An athlete’s personality traits and world view are almost unique. On the field, a pro is aggressive, demonstrates raw emotion, and uses his inhibitions. While these traits can make a winning athlete, they can make a poor businessman. Also, athletes must have a focus on today or the very near future. Just think about how a football player always talks about the next game and not the game five weeks from now. In financial planning and investing, it is typically better to have a long-term approach.
What are your personality traits? What is your financial lense through which you view the money?
French economist, Ruby Henry, describes the nature of athletes and how that affects their approach to financial situations. His example is that of a three-point shooter in basketball. That player must have a massive amount of confidence to continue to take that long-range, low percentage shot every game. Applying that same confidence to a financial investment often does not work and can leads to financial ruin. Former basketball star Antoine Walker earned over $100 million during his career. He filed for bankruptcy in 2010. As a basketball player, Walker had an insane level of confidence in his game, and, naturally, he applied this personality trait to his investments in multiple business ventures. However, business investments are not the same as professional sports. By taking such a confidence approach to business without having the knowledge base in finance/investing or proper advisors, financial disaster happened.
Many athletes want, and are expected to live, a glamorous, exciting lifestyle. Being in the limelight on the field means nightclubs, mansions, sports cars, and parties. This harms them financially in two ways. First, all of these items cost of lot of money. Not only do many athletes spend exorbitant amounts on their cars and houses, but many feel the need to give back to the people that helped them get where they are now. This means buying their family a house, purchasing their childhood friend a BMW, and investing in their uncle’s not-so-solid business plan to become a music producer. Without having a proper budget, this is a simple way to blow through a million dollars. Second, sound financial planning for your future usually involves NOT making the flashy choice. Let’s face it, telling your friends that you just invested in a 25 year IRA with 8% yearly return on investment doesn’t exactly sound sexy. However, when you aren’t broke five years later, you will know you made the right choice.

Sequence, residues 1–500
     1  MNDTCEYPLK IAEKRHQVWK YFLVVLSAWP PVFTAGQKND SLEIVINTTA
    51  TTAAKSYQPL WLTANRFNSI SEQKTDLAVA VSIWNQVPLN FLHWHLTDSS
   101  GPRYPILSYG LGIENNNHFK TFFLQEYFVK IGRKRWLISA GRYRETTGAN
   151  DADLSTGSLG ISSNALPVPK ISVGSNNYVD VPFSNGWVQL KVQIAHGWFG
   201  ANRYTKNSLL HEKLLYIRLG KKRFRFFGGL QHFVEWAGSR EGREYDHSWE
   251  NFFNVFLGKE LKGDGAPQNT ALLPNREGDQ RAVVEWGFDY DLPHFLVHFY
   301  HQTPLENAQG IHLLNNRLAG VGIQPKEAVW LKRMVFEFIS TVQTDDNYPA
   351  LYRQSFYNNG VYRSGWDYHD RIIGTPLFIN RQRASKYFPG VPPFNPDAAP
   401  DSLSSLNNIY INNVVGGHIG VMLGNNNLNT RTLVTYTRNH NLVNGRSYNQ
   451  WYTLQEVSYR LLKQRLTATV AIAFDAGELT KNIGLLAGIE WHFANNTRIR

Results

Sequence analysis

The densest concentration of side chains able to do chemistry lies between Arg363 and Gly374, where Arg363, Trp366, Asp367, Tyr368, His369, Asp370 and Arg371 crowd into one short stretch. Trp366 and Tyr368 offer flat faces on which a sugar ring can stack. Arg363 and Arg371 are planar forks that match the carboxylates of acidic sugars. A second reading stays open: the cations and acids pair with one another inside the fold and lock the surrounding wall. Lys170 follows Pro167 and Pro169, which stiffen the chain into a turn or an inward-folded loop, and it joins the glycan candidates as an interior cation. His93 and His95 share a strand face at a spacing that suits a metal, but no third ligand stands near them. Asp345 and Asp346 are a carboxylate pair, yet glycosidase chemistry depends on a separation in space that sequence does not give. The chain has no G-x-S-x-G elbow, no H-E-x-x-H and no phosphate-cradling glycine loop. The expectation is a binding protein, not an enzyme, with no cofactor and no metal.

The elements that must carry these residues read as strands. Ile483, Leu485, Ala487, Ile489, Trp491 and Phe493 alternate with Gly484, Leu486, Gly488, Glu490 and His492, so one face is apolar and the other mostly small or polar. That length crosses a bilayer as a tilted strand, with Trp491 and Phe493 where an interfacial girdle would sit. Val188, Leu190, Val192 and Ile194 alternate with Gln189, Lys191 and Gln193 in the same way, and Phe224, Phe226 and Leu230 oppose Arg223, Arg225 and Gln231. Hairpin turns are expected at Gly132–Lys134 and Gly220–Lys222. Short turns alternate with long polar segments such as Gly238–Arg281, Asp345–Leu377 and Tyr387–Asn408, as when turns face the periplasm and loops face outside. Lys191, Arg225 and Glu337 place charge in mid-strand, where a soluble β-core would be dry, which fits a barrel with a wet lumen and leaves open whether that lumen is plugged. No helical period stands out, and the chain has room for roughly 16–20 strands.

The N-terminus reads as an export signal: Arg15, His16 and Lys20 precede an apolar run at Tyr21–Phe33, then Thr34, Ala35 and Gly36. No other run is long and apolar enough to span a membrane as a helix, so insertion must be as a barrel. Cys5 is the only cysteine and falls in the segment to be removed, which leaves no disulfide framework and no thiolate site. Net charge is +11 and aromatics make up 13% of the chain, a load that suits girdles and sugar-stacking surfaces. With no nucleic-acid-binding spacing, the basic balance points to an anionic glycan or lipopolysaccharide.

How can I take the examples of these athletes’ financial failures and apply them to my life? Some may think that this does not apply to me as I do not live such an extravagant lifestyle. However, many Americans find themselves in a similar situation as they face substantial debt, usually in the form of student loans. First, create a budget and stick to it. Avoid impulsive purchases. Only sparingly purchase the luxury item (read: new pair of shoes, not new car). Second, consult a proper financial advisor, preferably one who has references or works at a trusted investment company, and perform your due diligence before making large investments. Finally, you need to plan for the long-term. It’s not all about getting everything you want now. By investing or saving money now, you will have plenty for down the road. By following these simple steps, you can avoid the fate of a staggering amount of professional athletes.